Communications of the Association for Information Systems Journal Impact Factor & Information

Journal description

Current impact factor: 1.29

Impact Factor Rankings

Additional details

5-year impact 0.00
Cited half-life 0.00
Immediacy index 0.00
Eigenfactor 0.00
Article influence 0.00
ISSN 1529-3181

Publications in this journal

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    ABSTRACT: The accumulation of scientific knowledge is an important objective of information systems (IS) research. Although different review approaches exist in the continuum between narrative reviews and meta-analyses, most reviews in IS are narrative or descriptive — with all related drawbacks concerning objectivity and reliability — because available underlying sources in IS do typically not fulfil the requirements of formal approaches such as meta-analyses. To discuss how cumulative IS research can be effectively advanced using a more formalized approach fitting the current situation in IS research, in this paper, we point out the potential of stylized facts (SFs). SFs are interesting, sometimes counterintuitive patterns in empirical data that focus on the most relevant aspects of observable phenomena by abstracting from details (stylization). SFs originate from the field of economics and have been successfully used in different fields of research for years. In this paper, we discuss their potential and challenges for literature reviews in IS. We supplement our argumentation with an application example reporting our experience with SFs. Because SFs show considerable potential for cumulative research, they seem to be a promising instrument for literature reviews and especially for theory development in IS.
    Communications of the Association for Information Systems 08/2015; 37(1):225-256.
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    ABSTRACT: We present ontological meta-analysis and synthesis as a method for reviewing, mapping, and visualizing the research literature in a domain cumulatively, logically, systematically, and systemically. The method highlights a domain’s bright spots that have been heavily studied, the light spots that have been lightly studied, the blind spots that have been overlooked, and the blank spots that have not been studied. It highlights the biases in a domain’s research; the research can then be realigned to make it stronger and more effective. We illustrate the method using the emerging domain of public health informatics (PHI). We present an ontological framework for the domain, map the literature onto the framework, and highlight its bright, light, and blind/blank spots. We also present detailed analyses using the ontological maps of dyads and triads. We conclude by discussing how (a) the results can be used to realign PHI research, and (b) the method can be used in other information systems domains.
    Communications of the Association for Information Systems 08/2015; 37:138-153.
  • Communications of the Association for Information Systems 03/2015; 36(1):317-336.
  • Communications of the Association for Information Systems 01/2015;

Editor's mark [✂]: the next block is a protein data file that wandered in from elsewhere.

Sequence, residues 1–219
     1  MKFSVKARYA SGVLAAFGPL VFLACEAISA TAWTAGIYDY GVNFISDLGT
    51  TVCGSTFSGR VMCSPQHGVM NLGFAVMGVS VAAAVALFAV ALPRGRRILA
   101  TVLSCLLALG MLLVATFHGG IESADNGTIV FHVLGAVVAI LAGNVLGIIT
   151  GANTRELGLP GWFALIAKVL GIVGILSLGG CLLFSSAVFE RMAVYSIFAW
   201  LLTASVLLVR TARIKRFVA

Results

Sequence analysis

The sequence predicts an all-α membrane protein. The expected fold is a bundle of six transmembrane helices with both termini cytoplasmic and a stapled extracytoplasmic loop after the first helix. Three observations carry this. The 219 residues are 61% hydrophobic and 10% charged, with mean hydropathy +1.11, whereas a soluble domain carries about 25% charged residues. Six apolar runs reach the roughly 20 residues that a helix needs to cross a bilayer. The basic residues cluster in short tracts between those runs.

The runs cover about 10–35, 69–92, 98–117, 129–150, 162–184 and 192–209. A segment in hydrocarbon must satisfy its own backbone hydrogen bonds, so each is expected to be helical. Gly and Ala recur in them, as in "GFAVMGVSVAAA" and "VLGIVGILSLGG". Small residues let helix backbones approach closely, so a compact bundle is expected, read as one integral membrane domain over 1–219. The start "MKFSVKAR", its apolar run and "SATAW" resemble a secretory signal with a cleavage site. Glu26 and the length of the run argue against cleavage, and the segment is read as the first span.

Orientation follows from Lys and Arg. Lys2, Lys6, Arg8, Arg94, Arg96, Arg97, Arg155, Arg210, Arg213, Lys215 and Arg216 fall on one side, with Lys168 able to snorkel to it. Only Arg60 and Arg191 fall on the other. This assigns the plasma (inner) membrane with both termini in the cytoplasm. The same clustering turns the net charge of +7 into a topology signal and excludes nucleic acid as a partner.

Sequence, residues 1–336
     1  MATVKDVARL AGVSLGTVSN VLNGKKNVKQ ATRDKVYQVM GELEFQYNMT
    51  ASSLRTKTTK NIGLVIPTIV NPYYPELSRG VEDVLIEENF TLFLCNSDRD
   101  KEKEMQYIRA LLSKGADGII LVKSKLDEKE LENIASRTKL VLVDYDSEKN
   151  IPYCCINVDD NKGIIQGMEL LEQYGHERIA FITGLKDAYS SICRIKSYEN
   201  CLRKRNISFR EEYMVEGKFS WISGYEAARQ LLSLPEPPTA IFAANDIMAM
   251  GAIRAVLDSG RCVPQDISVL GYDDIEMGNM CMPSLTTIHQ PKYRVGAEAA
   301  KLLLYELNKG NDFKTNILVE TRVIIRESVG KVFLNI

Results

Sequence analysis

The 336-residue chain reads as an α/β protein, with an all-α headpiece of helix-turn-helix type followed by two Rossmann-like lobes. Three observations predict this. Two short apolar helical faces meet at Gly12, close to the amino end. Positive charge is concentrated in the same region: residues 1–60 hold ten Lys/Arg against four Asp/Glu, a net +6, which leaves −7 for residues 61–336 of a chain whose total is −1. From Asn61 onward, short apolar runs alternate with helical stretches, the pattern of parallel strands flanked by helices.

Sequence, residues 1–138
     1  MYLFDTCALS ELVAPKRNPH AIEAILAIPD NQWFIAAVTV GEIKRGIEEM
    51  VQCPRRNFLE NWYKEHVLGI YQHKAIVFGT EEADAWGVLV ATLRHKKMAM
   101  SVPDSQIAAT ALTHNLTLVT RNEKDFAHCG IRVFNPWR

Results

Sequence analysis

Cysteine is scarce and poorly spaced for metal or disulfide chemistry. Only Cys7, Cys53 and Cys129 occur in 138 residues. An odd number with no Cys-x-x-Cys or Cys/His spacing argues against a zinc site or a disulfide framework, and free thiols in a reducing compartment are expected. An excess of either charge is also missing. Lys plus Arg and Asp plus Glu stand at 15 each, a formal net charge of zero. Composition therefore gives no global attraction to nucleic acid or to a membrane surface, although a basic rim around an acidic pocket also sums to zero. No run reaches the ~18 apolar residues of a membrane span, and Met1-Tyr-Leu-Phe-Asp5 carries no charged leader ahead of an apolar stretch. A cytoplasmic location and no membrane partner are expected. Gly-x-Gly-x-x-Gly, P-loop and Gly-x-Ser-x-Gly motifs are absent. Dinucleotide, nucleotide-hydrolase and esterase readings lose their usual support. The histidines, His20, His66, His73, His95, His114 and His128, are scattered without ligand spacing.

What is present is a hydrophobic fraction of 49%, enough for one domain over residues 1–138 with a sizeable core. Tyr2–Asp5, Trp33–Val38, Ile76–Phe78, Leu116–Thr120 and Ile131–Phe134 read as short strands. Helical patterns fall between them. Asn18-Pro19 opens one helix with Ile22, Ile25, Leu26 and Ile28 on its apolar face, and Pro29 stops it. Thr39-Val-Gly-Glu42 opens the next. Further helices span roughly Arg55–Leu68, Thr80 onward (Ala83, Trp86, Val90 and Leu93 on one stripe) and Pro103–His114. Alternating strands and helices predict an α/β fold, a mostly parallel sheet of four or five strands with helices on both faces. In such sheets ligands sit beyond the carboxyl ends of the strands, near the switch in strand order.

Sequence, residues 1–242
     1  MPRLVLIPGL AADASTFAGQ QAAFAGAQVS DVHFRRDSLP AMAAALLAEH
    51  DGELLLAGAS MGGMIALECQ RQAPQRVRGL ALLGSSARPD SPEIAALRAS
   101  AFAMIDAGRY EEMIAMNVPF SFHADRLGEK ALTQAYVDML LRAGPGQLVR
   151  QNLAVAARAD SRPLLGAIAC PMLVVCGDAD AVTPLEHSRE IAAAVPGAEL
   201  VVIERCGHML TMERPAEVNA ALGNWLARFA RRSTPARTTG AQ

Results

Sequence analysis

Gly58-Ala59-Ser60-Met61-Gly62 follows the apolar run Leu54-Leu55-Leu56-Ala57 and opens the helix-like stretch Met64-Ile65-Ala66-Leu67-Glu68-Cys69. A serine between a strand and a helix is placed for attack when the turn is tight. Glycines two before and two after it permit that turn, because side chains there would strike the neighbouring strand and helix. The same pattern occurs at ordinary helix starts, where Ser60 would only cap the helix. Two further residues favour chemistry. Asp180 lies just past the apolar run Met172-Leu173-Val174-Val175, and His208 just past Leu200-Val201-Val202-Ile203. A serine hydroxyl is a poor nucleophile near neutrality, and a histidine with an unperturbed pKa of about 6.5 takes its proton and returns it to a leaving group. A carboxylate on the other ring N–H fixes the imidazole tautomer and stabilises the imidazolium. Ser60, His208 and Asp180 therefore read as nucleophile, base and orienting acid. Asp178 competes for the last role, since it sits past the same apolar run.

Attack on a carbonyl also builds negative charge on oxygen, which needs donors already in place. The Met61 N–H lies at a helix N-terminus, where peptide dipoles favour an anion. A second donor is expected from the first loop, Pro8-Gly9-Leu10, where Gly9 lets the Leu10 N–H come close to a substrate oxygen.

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    ABSTRACT: Recently, the topic of Big Data and Analytics has received renewed attention from academia and practitioners. There has been a virtual explosion with Big Data and Analytics, given the overload and increasing 3Vs of information. Several research reports have shown that Big Data and Analytics remain top priority for CIOs. A recent studies show how a company accurately predicted the a Teen girl's pregnancy via the company's big data algorithm. However, there are dark sides to Big Data Analytics. A discussion of how companies ensure that Big Data projects clearly define measurable goals up front, what methods companies use to ensure maximum return and most effectively, how companies evolve culture, process and technology to simultaneously maximize return. Most companies are looking at how they can effectively manage their business more through using their data assets. Companies today target an average return of 7x for every dollar spent on Big Data projects. The problem is that most are only returning a fraction of that today, leaving a gap for both improvement, but also a possible push back on new analytic technologies. This paper covers these topics that were discussed by a panel of researchers at AMCIS 2014 in Savannah, GA.
    Communications of the Association for Information Systems 01/2015; Vol. 36(forthcoming).
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    ABSTRACT: Hackers, malicious users, system malfunctions, and other incidents can disrupt organizational IS and cause severe organizational losses or even impact societies as a whole. In this paper, I review interdisciplinary literature on business continuity from an information systems (IS) perspective to increase understanding on how organizations can prepare for and respond to incidents. I use a narrative review approach with descriptive elements to review 83 peer-reviewed papers published between 2000-2012 across a wide array of journals and disciplines. I identify themes across the past contributions, join the currently isolated streams of literature under a concept of IS continuity, and identify research gaps in the current knowledge. The results suggest that one can understand past contributions in terms of four themes that emerged from the literature: (1) social aspects as IS continuity enabler, (2) technology as IS continuity enabler, (3) salience of IS continuity, and (4) models that improve IS continuity. To move toward an integration of the past research, and to pinpoint research gaps, I present an integrative framework. Further, the research contributes to forming an IS continuity community to facilitate cooperation and communications among scholars sharing a common interest.
    Communications of the Association for Information Systems 01/2015; 37(4).